Connected cars: OEM car maker strategies – where does the network operator fit in?

Connected cars: OEM car maker strategies – where does the network operator fit in?

Connected Car Emerging Tech Series Part 3

Author: Waseem Haider

Today’s car industry is not the same as it used to be, thanks to technology. OEMs are not only manufacturing cars but also developing software solutions for a more connected, personalized customer experience. The ever-evolving auto industry provides opportunities to OEMs to advent new revenue streams and to have more direct, ongoing relationships with their consumers. The changing landscape comes with its share of challenges for OEMs as they need to now focus on products and services outside of their core activities and try to improve profitability by selling connectivity as part of their overall offering.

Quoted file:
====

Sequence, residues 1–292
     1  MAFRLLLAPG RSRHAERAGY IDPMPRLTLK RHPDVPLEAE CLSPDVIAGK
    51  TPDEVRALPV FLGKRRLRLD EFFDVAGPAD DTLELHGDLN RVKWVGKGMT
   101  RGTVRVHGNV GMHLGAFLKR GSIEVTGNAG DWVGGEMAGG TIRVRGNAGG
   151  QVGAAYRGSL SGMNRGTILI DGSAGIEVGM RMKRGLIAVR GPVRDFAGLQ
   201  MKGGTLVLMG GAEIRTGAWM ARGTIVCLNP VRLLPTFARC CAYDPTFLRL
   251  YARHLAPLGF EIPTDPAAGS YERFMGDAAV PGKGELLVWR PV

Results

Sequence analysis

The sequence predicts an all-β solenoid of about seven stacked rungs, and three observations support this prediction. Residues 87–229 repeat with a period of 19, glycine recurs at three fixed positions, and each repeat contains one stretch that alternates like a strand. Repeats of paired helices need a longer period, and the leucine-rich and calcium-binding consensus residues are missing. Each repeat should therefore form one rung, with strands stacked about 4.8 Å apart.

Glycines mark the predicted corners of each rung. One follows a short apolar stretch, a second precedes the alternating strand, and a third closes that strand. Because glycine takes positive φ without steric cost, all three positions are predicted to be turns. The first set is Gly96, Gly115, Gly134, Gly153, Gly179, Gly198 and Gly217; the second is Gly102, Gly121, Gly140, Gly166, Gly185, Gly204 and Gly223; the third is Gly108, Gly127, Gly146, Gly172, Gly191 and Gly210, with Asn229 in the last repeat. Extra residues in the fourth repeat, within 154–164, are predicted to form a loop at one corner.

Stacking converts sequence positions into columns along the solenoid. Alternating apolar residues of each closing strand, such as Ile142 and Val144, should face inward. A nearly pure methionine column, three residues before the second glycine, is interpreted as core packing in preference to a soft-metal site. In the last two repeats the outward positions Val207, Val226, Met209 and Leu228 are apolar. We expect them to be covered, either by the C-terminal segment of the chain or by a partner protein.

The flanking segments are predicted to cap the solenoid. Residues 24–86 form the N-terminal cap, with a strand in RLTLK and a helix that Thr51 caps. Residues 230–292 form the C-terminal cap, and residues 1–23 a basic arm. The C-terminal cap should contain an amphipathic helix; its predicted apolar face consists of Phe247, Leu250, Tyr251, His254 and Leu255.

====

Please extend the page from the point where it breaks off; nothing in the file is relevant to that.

OEMs are developing different strategies to reap the full benefit of the connected car opportunity. Some OEMs are working on their own ecosystem while others are developing partnerships with specialist vendors. The expanded connected car ecosystem plays a significant role in catering to the consumer demand of today and in the future. Among the different stakeholders in the ecosystem, the role of network operators – both telcos and webscalers – cannot be ignored. In this third part of the connected car tech series, we will talk about the strategies of OEM car manufacturers in the connected car space, and the role played by network operators.

OEM connected car strategies

As with any other industry, the digital transformation of the automotive industry poses a great challenge to OEMs. The digital world has pushed car manufacturers to become software companies selling a personalized customer experience to meet changing consumer demands. Future car buyers will not make it easy for OEMs as the world will move to autonomous vehicles with some drastic changes in consumers’ willingness to own a car. OEMs are aware of these challenges, and are implementing different strategies to keep their dominance in the connected car space despite competition from big tech companies. 

In this section, let’s dive into some of the OEMs connected car strategies.